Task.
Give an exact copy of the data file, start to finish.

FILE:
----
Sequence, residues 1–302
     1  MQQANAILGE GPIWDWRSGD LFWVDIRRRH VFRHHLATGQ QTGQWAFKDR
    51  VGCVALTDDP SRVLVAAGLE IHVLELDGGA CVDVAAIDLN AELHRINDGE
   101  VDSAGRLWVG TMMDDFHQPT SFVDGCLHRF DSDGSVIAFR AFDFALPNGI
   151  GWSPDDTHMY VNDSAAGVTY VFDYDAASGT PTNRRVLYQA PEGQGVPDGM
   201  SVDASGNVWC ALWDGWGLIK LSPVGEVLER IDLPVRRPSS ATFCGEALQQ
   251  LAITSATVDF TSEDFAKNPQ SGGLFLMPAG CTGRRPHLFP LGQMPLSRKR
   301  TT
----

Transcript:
Sequence, residues 1–302
     1  MQQANAILGE GPIWDWRSGD LFWVDIRRRH VFRHHLATGQ QTGQWAFKDR
    51  VGCVALTDDP SRVLVAAGLE IHVLELDGGA CVDVAAIDLN AELHRINDGE
   101  VDSAGRLWVG TMMDDFHQPT SFVDGCLHRF DSDGSVIAFR AFDFALPNGI
   151  GWSPDDTHMY VNDSAAGVTY VFDYDAASGT PTNRRVLYQA PEGQGVPDGM
   201  SVDASGNVWC ALWDGWGLIK LSPVGEVLER IDLPVRRPSS ATFCGEALQQ
   251  LAITSATVDF TSEDFAKNPQ SGGLFLMPAG CTGRRPHLFP LGQMPLSRKR
   301  TT